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13 Hours: The Secret Soldiers of Benghazi Fact-Check

Starring John Krasinski, James Badge Dale, Pablo Schreiber | based on the book '13 Hours' by Mitchell Zuckoff

James Badge Dale
Born: May 1, 1978
New York City, New York, USA
Tyrone 'Rone' Woods
Born: January 15, 1971
Birthplace: Portland, Oregon, USA
Death: September 12, 2012, Benghazi, Libya (mortar blast)
Experience: Navy SEAL
Pablo Schreiber
Born: April 26, 1978
Ymir, British Columbia, Canada
Kris 'Tanto' Paronto
Born: March 2, 1971
Birthplace: Alamosa, Colorado, USA
Experience: Army Ranger
Dominic Fumusa
Born: September 13, 1969
Wisconsin, USA
John 'Tig' Tiegen
Born: October 2, 1976
Birthplace: Colorado, USA
Experience: Marine Sergeant
Max Martini
Born: December 11, 1969
Kingston, New York, USA
Mark 'Oz' Geist
Birthplace: Colorado, USA
Experience: Marine
Toby Stephens
Born: April 21, 1969
London, England, UK
Glen 'Bub' Doherty
Born: July 10, 1970
Birthplace: Boston, Massachusetts, USA
Death: September 12, 2012, Benghazi, Libya (mortar blast)
Experience: Navy SEAL
Matt Letscher
Born: June 26, 1970
Grosse Pointe, Michigan, USA
Ambassador Chris Stevens
Born: April 18, 1960
Birthplace: Grass Valley, California, USA
Death: September 11, 2012, Benghazi, Libya (possible smoke inhalation)
David Giuntoli
Born: June 18, 1980
Milwaukee, Wisconsin, USA
Scott Wickland
Diplomatic Security
Christopher Dingli
Sean Smith
Born: June 1, 1978
Birthplace: San Diego, California, USA
Death: September 11, 2012, Benghazi, Libya (smoke inhalation)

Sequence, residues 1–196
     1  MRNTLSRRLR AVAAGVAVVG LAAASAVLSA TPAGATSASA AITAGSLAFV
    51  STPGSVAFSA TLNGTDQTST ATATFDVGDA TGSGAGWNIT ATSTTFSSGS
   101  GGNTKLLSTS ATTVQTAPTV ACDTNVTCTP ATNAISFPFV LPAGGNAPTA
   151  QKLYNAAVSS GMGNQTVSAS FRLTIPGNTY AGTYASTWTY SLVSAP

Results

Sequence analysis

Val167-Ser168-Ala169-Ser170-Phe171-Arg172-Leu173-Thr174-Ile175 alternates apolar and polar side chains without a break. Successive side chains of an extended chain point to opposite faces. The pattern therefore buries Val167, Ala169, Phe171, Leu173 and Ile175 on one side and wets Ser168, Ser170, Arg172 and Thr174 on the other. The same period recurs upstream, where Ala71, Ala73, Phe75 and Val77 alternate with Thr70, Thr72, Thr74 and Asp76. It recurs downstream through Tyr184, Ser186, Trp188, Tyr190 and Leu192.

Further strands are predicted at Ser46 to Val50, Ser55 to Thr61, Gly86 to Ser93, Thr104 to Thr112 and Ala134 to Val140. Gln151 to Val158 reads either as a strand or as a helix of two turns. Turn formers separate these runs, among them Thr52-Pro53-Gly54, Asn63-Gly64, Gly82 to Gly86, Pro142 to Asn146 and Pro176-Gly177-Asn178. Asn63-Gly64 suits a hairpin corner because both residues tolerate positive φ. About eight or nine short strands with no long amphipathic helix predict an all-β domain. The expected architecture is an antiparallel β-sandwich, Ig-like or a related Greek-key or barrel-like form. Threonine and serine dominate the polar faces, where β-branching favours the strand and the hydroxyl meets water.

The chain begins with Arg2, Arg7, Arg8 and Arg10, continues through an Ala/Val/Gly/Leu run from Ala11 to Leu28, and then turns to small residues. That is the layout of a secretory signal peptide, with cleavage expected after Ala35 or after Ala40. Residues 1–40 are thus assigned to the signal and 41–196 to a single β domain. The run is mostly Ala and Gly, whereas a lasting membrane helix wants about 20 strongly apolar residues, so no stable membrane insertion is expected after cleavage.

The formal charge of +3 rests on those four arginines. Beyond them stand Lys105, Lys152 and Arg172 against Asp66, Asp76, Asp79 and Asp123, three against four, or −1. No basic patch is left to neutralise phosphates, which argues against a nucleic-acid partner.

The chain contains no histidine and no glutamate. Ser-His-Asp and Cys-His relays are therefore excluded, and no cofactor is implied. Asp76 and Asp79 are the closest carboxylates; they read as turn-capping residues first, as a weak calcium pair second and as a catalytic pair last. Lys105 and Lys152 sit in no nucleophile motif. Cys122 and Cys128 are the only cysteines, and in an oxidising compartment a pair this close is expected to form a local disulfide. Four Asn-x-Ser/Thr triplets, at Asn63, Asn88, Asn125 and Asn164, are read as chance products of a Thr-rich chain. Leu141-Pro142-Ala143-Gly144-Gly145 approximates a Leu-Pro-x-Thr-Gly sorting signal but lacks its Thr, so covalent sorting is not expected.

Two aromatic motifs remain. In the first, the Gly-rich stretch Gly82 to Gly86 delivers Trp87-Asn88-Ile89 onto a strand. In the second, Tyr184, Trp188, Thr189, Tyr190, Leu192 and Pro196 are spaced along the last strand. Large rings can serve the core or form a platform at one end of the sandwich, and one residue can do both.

At the time, we didn’t know if anybody was dead–obviously there was somebody alive because they were on the radio. That’s the only thing we’re thinking is we’ve got to get over there. They’re powerless right now. -John 'Tig' Tiegen, Breitbart, September 2014

Questioning the Story:

Is John Krasinski's character Jack Da Silva based on a real person?

Yes. In researching the 13 Hours true story, we discovered that John Krasinski's character was indeed based on a real person, a Navy SEAL whose name was changed for the book and movie to protect his identity. "The responsibility of getting this story right was the highest priority for all of us," says Krasinski, who was previously known for his role in the TV comedy The Office, "and because it's such a politicized issue and because it's such an intense story, the only way to do it is to go right to the source, so getting all that information for him and getting to know him was the most important thing. ... 'Jack' was a true gentleman who told me, 'Ask any questions, because I want to get this story out, and I want it told right.' That was a powerful engine."